हिन्दीಕನ್ನಡമലയാളംதமிழ்తెలుగు

Cricket is a great leveller

Published: Sunday, September 23, 2007, 3:35 [IST]
 
Share this on your social network:
   Facebook Twitter Google+    Comments Mail

Bangalore: India and Pakistan set up a mouth-watering final at the Twenty20 World Cup in South Africa on Saturday, six months after their ignominious first-round exits from the 50-over version in West Indies.

India stunned world beaters Aussies - champions in Tests and one-dayers - by 15 runs after Pak registered a six-wicket win over Kiwis in the first semi-final, sending passionate sub-continent cricket fans into frenzied celebration anticipating Monday's final.

Both the greenhorns in the nascent version of the sport began as rank outsiders in the inaugural World Cup for the game's shortest and newest version, but have banished their Caribbean failure as a distant nightmare.

India aim for a repeat of their 1983 World Cup win while Pakistan, the 1992 champions, have yet to beat their traditional rivals on big stage. Their meeting in the early round ended with India winning a 'bowl out' after a tied game.

New-look Indian side with the average age of their players below 24 beat England, South Africa and Australia in crunch games, vindicating the selectors' decision to groom them for the future.

Yuvi spurred India:  Left-handed batsman Yuvraj Singh opened up a Pandora box for India with his lusty hitting. He became only the fourth batsman in elite cricket to hit six sixes in an over bowled by Stuart Broad, against England, and also smashed fastest fifty (50 off 12 balls) ever in any format of the sport. He struck 70 off 30 deliveries against Aussie in semis'. Infact it was Yuvi's individual brilliance that spurred India. We haven't seen a batsman meddling the ball as cleanly and hitting it as hard as Yuvi. Yuvi deposited the first ball he faced right in the stands over long-leg boundary - call it arrogance or confidence. 

Mumbai dasher Rohit Sharma held up tottering India innings and struck a classy half-century against South Africa. He earned man-of-the-match award for his efforts in his debut match.

Openers Sehwag and Gambhir have consistently given India a good start. Delhi-duo has played sensibly throughout. Both having played for Delhi in domestic circuit know each other well. Interestingly it was Gambhir who went after shots easing off pressure on comeback man Sehwag.  Their running between the wickets have been awesome scampering for quick singles and twos and scoring odd bouandries. Their 138-run partnership against the England set the tone.

Middle-order studded with Uthappa, Sharma, Yuvraj and Dhoni continued the good work setting huge targets for opponents.

Sreesanth bowled a most economical over in the tournament so far. His final analysis in the semis' against Aussies read 4-1-12-2. His  partner RP has matured as a new ball bowler. Sree and RP knows the importance of new seaming ball and never have let India their team down in the ensuing event. And were ably supported by military medium pacers Pathan and Joginder. Harbhajan it seems his stint with Surrey in English County C'ship had helped him regain his lost touch. He picked a handful of wickets with top-spinners and wrong 'un. He has made batsmen think by mixing up the deliveries in good measure.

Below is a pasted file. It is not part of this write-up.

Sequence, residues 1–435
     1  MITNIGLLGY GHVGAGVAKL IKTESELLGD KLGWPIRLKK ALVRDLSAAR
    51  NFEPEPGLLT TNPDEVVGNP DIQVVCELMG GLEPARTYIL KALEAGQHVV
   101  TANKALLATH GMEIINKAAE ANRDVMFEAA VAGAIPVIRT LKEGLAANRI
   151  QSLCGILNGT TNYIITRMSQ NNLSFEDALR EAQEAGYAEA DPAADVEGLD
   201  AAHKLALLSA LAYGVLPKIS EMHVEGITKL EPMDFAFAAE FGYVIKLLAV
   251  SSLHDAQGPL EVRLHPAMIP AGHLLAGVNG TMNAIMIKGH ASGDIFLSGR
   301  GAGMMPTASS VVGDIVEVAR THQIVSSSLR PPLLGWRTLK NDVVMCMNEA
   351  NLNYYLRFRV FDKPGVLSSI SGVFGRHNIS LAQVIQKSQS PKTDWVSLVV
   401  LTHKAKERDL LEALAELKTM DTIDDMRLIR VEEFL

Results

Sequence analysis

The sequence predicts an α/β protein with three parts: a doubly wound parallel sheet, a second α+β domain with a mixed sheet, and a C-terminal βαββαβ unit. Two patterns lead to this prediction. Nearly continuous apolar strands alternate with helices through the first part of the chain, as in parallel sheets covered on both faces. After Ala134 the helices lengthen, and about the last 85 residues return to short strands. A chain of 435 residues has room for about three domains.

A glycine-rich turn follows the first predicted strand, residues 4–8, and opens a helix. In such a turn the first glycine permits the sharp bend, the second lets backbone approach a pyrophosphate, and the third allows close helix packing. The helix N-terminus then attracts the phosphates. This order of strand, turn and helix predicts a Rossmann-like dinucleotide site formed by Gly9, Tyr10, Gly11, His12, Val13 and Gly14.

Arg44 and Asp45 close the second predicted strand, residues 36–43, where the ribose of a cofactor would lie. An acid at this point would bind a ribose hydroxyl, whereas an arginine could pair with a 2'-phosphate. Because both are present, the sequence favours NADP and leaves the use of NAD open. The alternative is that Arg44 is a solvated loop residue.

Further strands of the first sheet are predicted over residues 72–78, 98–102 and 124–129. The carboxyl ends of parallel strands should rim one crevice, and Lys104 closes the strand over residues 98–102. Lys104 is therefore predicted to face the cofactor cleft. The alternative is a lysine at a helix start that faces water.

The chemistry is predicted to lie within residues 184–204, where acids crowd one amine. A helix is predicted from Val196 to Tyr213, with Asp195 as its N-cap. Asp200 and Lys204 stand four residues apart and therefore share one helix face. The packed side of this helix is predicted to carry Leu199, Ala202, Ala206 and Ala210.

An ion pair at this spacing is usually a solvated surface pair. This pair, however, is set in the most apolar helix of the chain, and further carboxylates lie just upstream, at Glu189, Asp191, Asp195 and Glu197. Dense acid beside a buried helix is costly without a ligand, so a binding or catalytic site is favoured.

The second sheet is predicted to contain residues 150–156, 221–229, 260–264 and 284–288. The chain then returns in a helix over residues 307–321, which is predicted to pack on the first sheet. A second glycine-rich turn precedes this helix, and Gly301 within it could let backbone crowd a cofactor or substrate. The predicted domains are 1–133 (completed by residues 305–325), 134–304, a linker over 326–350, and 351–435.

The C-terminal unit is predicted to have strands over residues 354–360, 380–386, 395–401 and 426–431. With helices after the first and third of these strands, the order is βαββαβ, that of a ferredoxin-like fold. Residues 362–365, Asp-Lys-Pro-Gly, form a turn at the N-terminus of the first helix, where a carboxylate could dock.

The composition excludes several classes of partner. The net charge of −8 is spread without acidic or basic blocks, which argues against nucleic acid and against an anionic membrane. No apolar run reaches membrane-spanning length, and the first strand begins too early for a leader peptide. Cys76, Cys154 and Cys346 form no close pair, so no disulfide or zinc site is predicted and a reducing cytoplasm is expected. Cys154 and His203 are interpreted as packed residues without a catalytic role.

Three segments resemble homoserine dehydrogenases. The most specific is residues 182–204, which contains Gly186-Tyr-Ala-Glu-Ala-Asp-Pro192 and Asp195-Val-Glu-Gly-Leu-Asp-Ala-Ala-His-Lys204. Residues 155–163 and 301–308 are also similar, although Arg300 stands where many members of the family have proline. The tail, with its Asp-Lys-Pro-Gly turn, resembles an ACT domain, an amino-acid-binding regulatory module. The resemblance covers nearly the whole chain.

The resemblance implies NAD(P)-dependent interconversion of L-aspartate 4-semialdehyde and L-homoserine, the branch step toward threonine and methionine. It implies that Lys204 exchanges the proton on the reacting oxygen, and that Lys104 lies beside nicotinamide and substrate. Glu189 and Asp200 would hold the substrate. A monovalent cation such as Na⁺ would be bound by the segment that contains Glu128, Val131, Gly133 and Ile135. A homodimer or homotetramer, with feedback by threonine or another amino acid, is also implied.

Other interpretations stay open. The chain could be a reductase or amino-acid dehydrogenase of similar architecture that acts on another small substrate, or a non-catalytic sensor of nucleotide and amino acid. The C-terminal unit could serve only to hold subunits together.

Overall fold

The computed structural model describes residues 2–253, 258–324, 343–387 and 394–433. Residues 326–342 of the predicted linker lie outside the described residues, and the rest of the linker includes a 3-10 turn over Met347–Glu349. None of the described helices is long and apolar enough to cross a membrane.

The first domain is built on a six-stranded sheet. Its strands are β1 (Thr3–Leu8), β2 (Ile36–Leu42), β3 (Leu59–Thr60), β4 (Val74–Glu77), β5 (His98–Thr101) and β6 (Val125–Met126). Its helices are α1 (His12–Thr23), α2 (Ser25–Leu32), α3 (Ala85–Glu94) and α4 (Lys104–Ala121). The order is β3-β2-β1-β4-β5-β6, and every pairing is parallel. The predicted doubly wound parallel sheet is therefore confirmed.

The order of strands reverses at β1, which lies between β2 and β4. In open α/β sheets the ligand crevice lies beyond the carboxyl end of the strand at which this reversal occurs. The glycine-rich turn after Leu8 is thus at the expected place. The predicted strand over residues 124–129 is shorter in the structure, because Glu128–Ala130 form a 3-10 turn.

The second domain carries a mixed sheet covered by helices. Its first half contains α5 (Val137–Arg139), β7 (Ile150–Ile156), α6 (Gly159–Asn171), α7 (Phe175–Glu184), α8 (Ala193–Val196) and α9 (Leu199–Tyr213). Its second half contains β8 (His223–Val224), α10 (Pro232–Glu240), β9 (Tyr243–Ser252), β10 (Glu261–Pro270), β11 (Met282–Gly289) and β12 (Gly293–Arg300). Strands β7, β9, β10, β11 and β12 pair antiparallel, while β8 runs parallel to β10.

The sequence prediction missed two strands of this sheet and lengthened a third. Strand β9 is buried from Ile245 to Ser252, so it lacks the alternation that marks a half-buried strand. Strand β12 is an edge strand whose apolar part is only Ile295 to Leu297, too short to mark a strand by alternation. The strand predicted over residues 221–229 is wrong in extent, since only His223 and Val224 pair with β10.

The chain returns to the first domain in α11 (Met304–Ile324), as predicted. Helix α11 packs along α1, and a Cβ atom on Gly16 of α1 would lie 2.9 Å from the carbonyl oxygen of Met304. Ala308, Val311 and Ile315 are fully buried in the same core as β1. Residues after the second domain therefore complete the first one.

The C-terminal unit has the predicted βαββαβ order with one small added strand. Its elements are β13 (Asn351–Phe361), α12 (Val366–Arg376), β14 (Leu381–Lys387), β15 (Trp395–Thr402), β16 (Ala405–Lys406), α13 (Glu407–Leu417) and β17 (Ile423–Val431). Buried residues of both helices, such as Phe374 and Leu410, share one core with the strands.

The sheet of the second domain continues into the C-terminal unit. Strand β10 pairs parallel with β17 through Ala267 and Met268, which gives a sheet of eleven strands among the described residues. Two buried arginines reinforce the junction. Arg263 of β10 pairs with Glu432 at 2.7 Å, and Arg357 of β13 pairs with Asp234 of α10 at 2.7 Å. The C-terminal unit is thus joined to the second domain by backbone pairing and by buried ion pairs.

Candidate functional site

And above all a young captain improving in good measure with every passing game. Dhoni was named captain after the biggies Sachin Tendulkar, Rahul Dravid and Saurav Ganguly opted out and the wicketkeeper is moulding the team in his mirror image, flamboyant but committed to the team's cause.

The best thing about this new-look India is team spirit. Everyone is enjoying - not just their own performance - but also everyone else's. Mind you there's no superstar in the team.

India's achievement has been especially remarkable as they do not have a coach, with the board still looking for a replacement since Australian Greg Chappell quit in April.

Pak is no Dodo: Pakistan's unbeaten run, barring the bowl out against India, has finally brought smiles to the face of their fans, in despair since their Caribbean debacle and coach Bob Woolmer's death.

Woolmer's death in Jamaica - which occurred a day after Pakistan was eliminated from the World Cup -- was initially investigated as a murder until authorities concluded it was due to natural causes.

Former captain Inzamam-ul Haq and batting mainstay Mohammad Yousuf then caused more strife by joining the rebel Indian Twenty20 league despite the board threatening to ban them.

Controversial strike bowler Shoaib Akhtar was then sent home from South Africa after he struck team mate Mohammad Asif with a bat in a training ground bust up.

Despite the distractions, Shoaib Malik has led from the front with his batting where unfancied Misbah-ul Haq is a revelation. Imran Nazir, Mohammad Hafeez, veteran Younis and Shahid Afridi add depth to Pak batting. Afridi, who is yet to deliver with the willow has shone as a spinner.

But it is their bowling attack which is the trum card with seamers Mohammad Asif, Gul and debutant Sohail Tanvir and slow-ball bowlers Afridi who tops the bowling chart in the tourney, Mohd Hafeez, Malik and rookie left-arm spinner Fawad Alam in their ranks Pak can balance their inconsistancy in batting with the quality attack.

There is not much too choose between the two young teams who played a top quality cricket right thro'  tournament. However it is the team that keeps its nerves in a big-pressure match like the final is going to win.

ThatsCricket 

Write Comments